I have now gone riding with the lady on her Morgans three times. I am still having a ball and my body is getting used to it MUCH quicker than I thought it could. Even though I'm only riding once a week which technically is not enough to build fitness of any kind, I am hardly sore at all today after riding a bunch yesterday.
One thing that's nice to discover is I am so far doing good at my posture and not reverting to the "fetal ball" posture that new riders/out of shape people do. Yesterday Mister did a couple of interesting things that made me think. On the first ride I discovered that his flexible little self (used to be a park-type show Morgan) tends to duck his head behind the vertical when he wants to evade the bit, and he also tends to veer a bit left when walking/jogging. I do my best to always ask as lightly as I can to accomplish something and always reward immediately, but I doubt such a tough problem could be fixed at his age unless the owner worked really hard at it. He is also a cribber and has VERY STRONG neck muscles. Well, yesterday we were loping along a dirt path and all of a sudden he veered to thel left. I got off balance, recovered, and after loping an S-shape we got back on the trail.
She said he just did that with someone else too and neither of us is sure why.
For the rest of the ride I paid really close attention to him and myself, as I was afraid that I was not balanced on him and causing him to veer to get more balanced. Instead, I noticed that whenever he does not want to slow down he immediately bends his ribcage rightward and ducks his head leftward. So, it is not my fault. Interesting little acrobat!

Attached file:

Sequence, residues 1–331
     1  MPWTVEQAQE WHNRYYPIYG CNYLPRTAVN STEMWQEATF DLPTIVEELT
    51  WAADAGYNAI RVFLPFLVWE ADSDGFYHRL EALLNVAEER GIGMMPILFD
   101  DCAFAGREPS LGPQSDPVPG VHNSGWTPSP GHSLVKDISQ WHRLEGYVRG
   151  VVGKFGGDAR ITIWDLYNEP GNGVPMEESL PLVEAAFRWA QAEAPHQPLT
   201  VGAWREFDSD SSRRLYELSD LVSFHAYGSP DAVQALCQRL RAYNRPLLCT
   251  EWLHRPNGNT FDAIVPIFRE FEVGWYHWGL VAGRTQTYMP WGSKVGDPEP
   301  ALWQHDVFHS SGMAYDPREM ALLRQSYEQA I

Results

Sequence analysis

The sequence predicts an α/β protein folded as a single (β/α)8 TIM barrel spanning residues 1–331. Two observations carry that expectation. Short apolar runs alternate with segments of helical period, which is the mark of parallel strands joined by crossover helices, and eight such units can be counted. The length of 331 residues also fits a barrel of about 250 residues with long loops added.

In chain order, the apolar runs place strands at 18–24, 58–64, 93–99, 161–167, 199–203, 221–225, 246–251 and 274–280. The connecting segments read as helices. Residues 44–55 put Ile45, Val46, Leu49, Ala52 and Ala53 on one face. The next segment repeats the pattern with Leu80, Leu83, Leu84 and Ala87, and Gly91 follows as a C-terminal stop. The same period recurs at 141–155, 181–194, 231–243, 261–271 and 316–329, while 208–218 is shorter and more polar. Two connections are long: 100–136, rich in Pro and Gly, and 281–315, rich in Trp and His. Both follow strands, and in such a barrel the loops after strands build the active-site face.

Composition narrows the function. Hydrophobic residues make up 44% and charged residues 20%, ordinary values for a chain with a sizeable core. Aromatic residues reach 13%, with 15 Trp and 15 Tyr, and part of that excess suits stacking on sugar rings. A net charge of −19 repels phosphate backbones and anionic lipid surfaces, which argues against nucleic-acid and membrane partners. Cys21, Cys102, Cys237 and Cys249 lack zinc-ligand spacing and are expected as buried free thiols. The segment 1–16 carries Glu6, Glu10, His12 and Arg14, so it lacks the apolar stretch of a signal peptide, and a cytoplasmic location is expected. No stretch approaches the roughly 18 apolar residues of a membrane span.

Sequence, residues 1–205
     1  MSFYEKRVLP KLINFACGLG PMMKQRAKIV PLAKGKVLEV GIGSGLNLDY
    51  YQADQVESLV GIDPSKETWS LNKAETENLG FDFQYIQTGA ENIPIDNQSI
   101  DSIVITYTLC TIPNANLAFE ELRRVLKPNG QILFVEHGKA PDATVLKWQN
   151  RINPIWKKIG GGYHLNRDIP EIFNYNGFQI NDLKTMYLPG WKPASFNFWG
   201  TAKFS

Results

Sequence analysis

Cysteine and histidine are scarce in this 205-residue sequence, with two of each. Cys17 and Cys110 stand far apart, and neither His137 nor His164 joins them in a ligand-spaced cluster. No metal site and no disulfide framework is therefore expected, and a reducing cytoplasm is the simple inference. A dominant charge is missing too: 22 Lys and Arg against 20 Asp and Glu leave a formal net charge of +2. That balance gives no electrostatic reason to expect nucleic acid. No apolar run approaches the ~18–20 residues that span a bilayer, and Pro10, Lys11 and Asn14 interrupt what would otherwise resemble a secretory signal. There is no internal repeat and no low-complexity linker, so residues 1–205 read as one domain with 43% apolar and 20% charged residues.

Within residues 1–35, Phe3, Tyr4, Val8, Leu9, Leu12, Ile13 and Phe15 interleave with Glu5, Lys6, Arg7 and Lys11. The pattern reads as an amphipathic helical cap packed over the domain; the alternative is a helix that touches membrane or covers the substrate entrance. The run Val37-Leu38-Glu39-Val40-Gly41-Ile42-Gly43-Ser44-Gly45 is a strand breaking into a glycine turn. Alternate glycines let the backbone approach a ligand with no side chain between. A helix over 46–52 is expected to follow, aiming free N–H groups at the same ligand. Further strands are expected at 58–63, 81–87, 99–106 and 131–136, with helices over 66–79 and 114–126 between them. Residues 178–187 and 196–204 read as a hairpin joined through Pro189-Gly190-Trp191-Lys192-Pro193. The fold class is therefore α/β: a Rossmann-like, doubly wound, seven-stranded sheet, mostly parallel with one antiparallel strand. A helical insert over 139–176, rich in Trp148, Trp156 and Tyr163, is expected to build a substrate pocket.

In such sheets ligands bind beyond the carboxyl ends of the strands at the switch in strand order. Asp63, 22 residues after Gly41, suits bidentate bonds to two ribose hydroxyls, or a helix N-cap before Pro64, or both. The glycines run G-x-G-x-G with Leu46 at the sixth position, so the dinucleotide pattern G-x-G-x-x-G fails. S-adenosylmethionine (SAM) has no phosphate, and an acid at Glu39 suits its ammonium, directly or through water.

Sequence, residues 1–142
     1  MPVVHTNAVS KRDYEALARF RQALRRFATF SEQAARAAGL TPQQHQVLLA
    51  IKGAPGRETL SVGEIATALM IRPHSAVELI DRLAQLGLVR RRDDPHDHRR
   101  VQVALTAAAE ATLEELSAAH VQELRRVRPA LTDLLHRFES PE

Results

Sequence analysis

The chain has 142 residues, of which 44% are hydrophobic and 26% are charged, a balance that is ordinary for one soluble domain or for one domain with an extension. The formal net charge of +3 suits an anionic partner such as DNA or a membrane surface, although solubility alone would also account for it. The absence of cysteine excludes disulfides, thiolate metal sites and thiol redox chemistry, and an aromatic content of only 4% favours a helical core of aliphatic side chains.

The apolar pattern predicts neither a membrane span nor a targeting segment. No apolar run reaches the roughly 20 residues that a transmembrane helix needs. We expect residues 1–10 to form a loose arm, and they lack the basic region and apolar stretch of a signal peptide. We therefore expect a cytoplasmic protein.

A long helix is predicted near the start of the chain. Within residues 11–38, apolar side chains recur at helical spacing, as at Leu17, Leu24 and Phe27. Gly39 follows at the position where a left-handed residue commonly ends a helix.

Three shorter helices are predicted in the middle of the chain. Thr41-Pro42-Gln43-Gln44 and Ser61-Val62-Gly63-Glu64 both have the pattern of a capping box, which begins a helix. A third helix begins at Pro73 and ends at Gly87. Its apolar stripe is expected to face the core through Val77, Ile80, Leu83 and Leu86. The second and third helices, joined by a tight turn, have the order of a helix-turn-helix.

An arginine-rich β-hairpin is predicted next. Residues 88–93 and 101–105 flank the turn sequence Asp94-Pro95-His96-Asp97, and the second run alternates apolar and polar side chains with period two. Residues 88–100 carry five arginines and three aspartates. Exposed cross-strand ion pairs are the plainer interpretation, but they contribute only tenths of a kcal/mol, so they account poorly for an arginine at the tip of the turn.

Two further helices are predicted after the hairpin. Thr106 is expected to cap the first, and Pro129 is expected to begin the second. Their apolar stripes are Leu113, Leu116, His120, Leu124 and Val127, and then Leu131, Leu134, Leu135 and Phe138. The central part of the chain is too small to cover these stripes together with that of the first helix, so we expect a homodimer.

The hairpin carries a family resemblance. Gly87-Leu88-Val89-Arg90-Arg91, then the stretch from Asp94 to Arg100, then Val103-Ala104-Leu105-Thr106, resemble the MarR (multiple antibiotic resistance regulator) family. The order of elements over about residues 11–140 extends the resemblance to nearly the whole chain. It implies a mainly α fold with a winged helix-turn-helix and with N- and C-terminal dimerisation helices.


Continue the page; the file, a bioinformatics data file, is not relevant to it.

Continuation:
We agreed that for now I won't worry too much about keeping him slowed down at the lope (the owner doesn't want to go too fast) but instead I will focus on using my legs to keep him straight and make sure to breathe deep. That will make him go faster, but it should help a lot with the ducking and veering.
By the way, I just love old horses! There is something so "soft" about old horses and how they relate to people. Mira, of course, is a perfect example of that. :-D
Meanwhile, I have started handwalking Andolu again and it seems to me that he is now sounder than he has been since I got him. Boy howdy, he is finally acting like the racehorse I expected when I got him! Let's just say that snorting, blowing, and tip toe ready-to-sprint with bug eyes describes him quite well lately. I have never been able to ride him very fast before - he never volunteered to do more than a slow lope before, but now that he is feeling so good I have a feeling that has changed. In a week or two I am going to start riding him again, as fast as he wants to go. Yeeks. However, I have a plan! My brother #2 is going to hold Mira at the bottom of a really steep dirt road and let her eat some hay there. I will have warmed Anatolian up and also let him eat some of the hay. After a bit, I'll take him back a little ways on the flat and encourage him to go. Going away from Mira and up a steep hill should keep a limit on his speed and endurance and I will do that the first few times I lope/gallop him so as to keep me relaxed and just going along for the ride and so as to teach him that when I do ask him to slow down it is so as to save him work.
I am looking forward to learning to ride his rather *big* canter/gallop but I want to do it safely for both of us and do it in a way that teaches him to listen to me about the speed and direction and hopefully keep him from developing any bad habits. I also plan to trailer him over for some lessons soon with the local trainer. She can work on him and work on me and hopefully help us do this right.
So, that is where I'm at lately. So many good things going on that I don't have much internet time. I miss everyone and hope to get caught up sometime soon.